To better identify the role of coordination failures, we study the adoption of an electronic wallet technology by retailers after the 2016 Indian demonetisation. On 8 November 2016, the Indian government announced that it would void the two largest denominations of currency in circulation and replace them with new bills. At the time of the announcement, the voided bills accounted for 86 per cent of the total cash in circulation. The public was not given advance warning and the bills were voided effective immediately. A two-month deadline was announced for exchanging the old bills for new currency. To do so, old bills had to be deposited in a bank. However, withdrawal limits, combined with frictions in the creation and distribution of the new bills, meant that immediate cash withdrawal was constrained. As a result, bank deposits spiked but cash in circulation fell. Cash transactions became harder to conduct, but funds remained available for use in electronic payments. Importantly, though the shock was very large, it was also temporary, as cash availability had normalised shortly after January 2017.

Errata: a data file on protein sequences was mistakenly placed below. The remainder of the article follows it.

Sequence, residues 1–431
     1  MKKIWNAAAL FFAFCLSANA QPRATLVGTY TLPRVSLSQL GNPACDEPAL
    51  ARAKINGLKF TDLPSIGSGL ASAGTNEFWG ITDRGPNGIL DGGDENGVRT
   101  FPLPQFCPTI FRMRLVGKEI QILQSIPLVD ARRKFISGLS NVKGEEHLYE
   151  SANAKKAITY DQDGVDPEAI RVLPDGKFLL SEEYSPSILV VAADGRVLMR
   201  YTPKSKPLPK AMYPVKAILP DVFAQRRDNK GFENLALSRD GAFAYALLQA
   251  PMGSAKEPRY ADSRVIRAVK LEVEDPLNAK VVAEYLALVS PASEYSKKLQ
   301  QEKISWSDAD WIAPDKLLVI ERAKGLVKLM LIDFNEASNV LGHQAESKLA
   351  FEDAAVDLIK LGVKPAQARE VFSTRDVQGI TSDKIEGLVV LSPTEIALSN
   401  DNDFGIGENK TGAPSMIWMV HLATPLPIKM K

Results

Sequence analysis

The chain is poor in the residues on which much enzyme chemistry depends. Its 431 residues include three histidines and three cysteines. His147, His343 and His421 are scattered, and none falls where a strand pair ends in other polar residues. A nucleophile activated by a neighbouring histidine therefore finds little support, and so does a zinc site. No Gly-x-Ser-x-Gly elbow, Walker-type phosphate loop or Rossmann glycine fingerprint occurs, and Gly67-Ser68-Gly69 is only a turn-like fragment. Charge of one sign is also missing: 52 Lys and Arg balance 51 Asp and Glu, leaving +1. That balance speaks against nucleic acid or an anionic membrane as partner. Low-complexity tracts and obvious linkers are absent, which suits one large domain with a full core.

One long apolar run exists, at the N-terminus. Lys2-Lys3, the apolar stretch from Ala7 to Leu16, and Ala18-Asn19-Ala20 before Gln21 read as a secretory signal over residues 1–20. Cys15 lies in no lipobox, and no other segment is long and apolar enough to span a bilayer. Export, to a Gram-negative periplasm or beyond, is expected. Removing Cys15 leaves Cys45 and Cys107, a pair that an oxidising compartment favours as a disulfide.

We use this unique episode in the history of monetary economics to understand how agents adopt financial technology. The technology we consider was the largest provider of non-debit card electronic payments in India at the time of the events. The provider offers a digital wallet consisting of a mobile app that allows customers to pay at stores using funds deposited in their bank accounts. Payment is then transferred to retailers’ bank accounts via the app. The pecuniary costs associated with the adoption of this technology for retailers are small. in fact, there are no usage fees, and all that is required to join the platform is to have a bank account and a mobile phone, both of which were common in India by 2016. In our study, we focus specifically on the adoption decision of retail businesses.